Robbinsville, NC- May 23, 2019 - You can't always believe what you see. The water in our mountain streams is sometimes polluted even though it appears crystal clear. And sometimes what looks like pollution is actually fighting the effects of pollution.
Acid rain looks just like regular rain. It occurs when rainwater falling through the sky picks up tiny pollutants like atmospheric sulfur from industrial plants. When acid rain makes it way to streams, it increases the acidity of the water which can be harmful to fish.
Jason Farmer, U.S. Forest Service fisheries biologist, was part of a team that reversed the effects of acid rain on streams in the Upper Santeetlah watershed. Just like a gardener in western North Carolina adds lime to our naturally acidic soils, Jason added limestone to neutralize the acidity of stream water. The streams were monitored to check the pH, a scale of acidity.
"After adding limestone to Sand Creek and Wolf Laurel Branch, our monitoring showed that pH levels were restored to pre-industrial conditions. This will help sustain a healthy population of brook trout, the only trout native to western North Carolina," said Farmer, who works on the Cheoah Ranger District of the Nantahala National Forest.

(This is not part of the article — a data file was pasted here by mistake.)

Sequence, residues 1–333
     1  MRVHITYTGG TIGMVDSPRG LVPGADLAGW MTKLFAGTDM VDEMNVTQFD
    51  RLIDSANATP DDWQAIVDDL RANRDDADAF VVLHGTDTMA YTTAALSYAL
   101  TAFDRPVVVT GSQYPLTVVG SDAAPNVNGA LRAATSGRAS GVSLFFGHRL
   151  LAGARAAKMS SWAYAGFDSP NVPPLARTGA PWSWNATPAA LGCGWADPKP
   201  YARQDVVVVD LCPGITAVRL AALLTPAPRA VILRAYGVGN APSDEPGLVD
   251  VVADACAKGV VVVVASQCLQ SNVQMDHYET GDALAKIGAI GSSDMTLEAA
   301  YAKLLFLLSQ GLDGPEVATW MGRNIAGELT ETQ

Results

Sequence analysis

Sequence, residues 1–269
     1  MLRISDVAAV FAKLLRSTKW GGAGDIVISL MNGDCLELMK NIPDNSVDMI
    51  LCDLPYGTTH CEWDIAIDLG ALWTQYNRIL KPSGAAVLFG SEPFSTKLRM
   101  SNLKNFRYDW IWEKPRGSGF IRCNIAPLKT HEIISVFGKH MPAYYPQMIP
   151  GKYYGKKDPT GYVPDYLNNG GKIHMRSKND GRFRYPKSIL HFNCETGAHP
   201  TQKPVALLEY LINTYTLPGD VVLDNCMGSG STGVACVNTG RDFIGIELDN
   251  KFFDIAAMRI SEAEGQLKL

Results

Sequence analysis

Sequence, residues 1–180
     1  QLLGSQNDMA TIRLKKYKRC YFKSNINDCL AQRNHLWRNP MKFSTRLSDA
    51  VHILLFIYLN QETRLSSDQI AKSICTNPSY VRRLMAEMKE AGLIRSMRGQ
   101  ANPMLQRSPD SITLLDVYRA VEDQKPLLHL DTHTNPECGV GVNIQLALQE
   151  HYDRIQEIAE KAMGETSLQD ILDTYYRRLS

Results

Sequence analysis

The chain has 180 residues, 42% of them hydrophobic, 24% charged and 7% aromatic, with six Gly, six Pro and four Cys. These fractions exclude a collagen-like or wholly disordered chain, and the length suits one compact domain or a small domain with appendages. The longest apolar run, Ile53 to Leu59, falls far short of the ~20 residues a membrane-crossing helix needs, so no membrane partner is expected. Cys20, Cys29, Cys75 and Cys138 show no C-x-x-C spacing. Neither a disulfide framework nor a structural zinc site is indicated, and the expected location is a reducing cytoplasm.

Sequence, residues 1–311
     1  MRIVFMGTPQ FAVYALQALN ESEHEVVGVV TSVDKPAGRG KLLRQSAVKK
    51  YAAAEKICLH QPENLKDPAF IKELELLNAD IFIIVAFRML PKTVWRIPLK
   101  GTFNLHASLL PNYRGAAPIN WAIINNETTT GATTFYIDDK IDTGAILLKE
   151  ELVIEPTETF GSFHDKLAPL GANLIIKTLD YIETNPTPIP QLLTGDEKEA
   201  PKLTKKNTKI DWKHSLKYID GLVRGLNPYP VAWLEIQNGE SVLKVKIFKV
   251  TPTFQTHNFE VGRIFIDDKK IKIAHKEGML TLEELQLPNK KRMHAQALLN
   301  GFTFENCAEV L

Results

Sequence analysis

Farmer also monitored the physical attributes and fish and aquatic salamander habitat of the stream channel after liming and found no negative effects.
This was a cooperative project between the U.S. Forest Service and North Carolina Wildlife Resources Commission. It received significant financial assistance from the Tennessee Valley Authority and Duke Energy.
Farmer's efforts recently earned him the North Carolina Council of Trout Unlimited (NCTU) President's Award for Outstanding Work.
"We were impressed by this outside-the-box but simple common-sense solution. The potential to fight acid deposition by targeting it just before it hits the stream - sort of like setting the hook right before the take - both struck a chord with us and is an example of the kind of work Jason has consistently presented at almost every meeting I've attended," said Rusty Berrier, NCTU's National Leadership Representative.
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